Posts by Dr. John

    Here's an obvious example of these being live vocals:

    In the Kracow performance, he has his mic in the right position to catch the full line of "Come on, come on help me do":

    In the Verona performance, he misses getting his mic back close to his mouth to catch the first part of the line, showing he was clearly singing it live and also that these performances were different:

    I love what I'm seeing there on that possible setlist! Although, I REALLY hope they play Red Rain. If he just includes that one with everything else I'll be so happy! My 11 yr old daughter is coming with me, and Sledgehammer and Red Rain are a couple of her favorite songs!

    I imagine it's possible, as he always plays it-it's kind of a live staple!

    He played it in Krakow just a short while ago - see that thread.

    This is one of my favourite tracks. It has a lot of complexity in the chords and Tony's double-hand playing, and yet at the same time is very catchy. I have spent a lot of time trying to learn the keyboard part and I still marvel and Tony's ingenuity. Mike's bassline is almost a lead riff for the song. Phil's drumming and harmony vocals are great. Although Steve's presence is harder to hear, he adds a softer texture amongst a lot of harder edges. And while Peter's vocals don't make me think of Puerto Ricans in the slightest, he does inhabit a particular attitude right from the get-go that establishes Rael's character and enlivens this song.

    Although I almost always prefer live versions of Genesis songs (more power, more integration), this is one of the few that I prefer the studio version. As others have mentioned, the studio version is more aggressive and has more sharp edges. The Seconds Out version is sped up and light. The versions/snippets from the early 80s and also the Old Medley were better at recapturing the original spirit. The version from Archive 1 is closer to the album, but like all versions, suffers from the lack of an acoustic piano to start it off.


    After collecting all the details from recent IG videos/posts, zooming some Tony Levin's photos and re-watching some Bandcamp Full Moon Videos, I came up with a 16 tracks list: don't know if all of these will be the songs in the final setlist, but it's certain all these 16 tracks in the following list have been rehearsed for the tour (behind every title, I've put the the source from which I got the information):

    Welcome. And I am impressed by the work put into figuring this out!

    I'm a casual Lightfoot fan, with a few of his early albums on vinyl and a best of on CD. He wrote some great songs. Some are at a personal level, e.g., If You Could Read My Mind or Carefree Highway. Some are great takes on Canadian history, e.g., The Wreck of the Edmund Fitzgerald, Canadian Railroad Trilogy. For the uninitiated, here's a sampling:

    Didn't Elvis Costello have a Wheel of Songs on one tour, where he would spin it and then play whatever came up?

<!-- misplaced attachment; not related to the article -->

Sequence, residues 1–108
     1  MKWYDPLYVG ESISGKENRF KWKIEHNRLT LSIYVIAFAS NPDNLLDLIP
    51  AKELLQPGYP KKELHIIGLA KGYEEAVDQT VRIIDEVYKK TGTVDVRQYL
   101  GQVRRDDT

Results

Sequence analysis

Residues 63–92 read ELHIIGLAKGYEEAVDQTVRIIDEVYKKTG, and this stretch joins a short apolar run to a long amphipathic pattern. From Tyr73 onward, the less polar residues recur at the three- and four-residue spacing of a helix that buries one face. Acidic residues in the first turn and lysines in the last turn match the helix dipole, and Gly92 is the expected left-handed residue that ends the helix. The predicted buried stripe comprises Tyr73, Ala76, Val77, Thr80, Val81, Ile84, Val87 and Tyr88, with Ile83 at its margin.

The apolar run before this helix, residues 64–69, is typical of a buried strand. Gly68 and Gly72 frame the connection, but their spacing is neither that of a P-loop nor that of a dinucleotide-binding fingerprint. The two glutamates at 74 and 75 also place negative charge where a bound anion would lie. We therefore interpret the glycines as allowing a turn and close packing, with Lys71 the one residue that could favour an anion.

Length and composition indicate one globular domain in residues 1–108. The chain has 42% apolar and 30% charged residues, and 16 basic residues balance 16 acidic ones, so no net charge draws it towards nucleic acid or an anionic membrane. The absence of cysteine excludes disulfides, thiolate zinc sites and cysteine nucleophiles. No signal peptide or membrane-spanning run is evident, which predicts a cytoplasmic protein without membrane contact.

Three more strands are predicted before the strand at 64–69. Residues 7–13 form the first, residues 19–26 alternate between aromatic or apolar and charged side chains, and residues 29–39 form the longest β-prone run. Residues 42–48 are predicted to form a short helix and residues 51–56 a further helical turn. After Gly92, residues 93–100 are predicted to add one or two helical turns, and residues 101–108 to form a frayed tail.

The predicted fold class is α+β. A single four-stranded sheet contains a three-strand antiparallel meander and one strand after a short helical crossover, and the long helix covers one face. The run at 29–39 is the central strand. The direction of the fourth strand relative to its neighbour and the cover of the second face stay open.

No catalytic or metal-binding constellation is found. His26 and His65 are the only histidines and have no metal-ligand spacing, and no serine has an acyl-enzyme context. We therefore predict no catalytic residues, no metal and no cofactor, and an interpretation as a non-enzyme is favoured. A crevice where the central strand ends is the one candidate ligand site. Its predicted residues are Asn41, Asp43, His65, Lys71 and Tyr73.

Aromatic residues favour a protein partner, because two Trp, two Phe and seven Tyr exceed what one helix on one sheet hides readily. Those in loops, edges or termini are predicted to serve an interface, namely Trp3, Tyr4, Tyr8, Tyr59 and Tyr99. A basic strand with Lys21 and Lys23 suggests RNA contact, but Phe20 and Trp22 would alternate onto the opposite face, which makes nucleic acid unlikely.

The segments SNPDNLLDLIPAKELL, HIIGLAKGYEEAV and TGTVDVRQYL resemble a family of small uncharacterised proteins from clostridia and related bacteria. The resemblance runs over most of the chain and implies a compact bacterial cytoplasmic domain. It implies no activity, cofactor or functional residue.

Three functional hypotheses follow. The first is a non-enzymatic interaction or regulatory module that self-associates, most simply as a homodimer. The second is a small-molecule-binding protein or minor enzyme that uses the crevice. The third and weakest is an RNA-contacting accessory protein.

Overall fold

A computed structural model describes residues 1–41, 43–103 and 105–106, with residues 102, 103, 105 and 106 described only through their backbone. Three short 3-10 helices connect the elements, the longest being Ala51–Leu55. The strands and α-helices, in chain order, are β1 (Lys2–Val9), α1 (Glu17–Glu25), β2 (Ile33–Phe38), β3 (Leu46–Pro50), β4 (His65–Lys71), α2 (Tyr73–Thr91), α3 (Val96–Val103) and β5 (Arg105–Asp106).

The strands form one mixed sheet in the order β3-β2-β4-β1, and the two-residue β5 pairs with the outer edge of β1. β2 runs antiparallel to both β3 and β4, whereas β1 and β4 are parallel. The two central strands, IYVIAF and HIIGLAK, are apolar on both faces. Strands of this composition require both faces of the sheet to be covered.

The challenge for Genesis is that their songs are hard to do off the cuff. Most are complicated enough to require a fair bit of rehearsal and they are also coordinated with visuals that require preplanning. For artists that play straightforward songs with straightforward visuals, it is much easier to mix up the setlist.

    I agree that the versions of this medley were clunkier than others. Nonetheless it was cool to hear how EEOM sounded 6 years later, even if it was for only a verse or two.

    Rick Beato just put out another interesting analysis of a song from A Trick of the Tail. He previously featured Dance On a Volcano on his What Makes This Song Great series. This time he is focusing on Ripples, analyzing the chord progression of the verses and chorus. It's quite interesting for musicians as I had never given much thought to the relationship of some chords to each other. But even for a casual listener, he really highlights the brilliance of the music and the production. Unfortunately he never gets to talking about the instrumental section, which is also fascinating. Hope this analysis turns more people on to a great song on a great album.

    I know we're getting way off topic here, but who cares...

    Steam is very derivative of Sledgehammer; it's even in the same key. Kiss That Frog is at least a bit different. I know most people really don't like it, but I don't mind his infrequent forays into whimsy. While it doesn't hold up to the stronger songs on Us, it does provide some contrast and variety.

    I think a future tour is about as wishful as wishful thinking can get. A very unlikely, but slightly more conceivable possibility is a one-off performance for a special situation - maybe a charitable event or a tribute. That could result in Peter doing a song or two with Tony, Mike, and Steve. I hear no motivation to get together for old-times sake, but a specific cause or external obligation could provide the spur.

    The most interesting part of the Encore series was the 2007 tour where Gabriel was resurrecting many songs he hadn't played for ages. I have one where he played Moribund, On the Air, DIY, Humdrum, and Mother of Violence.

    I certainly hope the new tour would result in some kind of release, given that at least some of the new songs will get an airing.

    Well, yes, undoubtedly, they know their craft, they are certainly top drawer and we are reminded of that , even in their weakest songs but I must say I don't find much substance to Paperlate, there is IMO a bit more in NRAA, even though it's another one I dislike.

    I also prefer NRAA of the two, particularly for Tony's keyboards and Mike's bassline. I still like Paperlate nonetheless.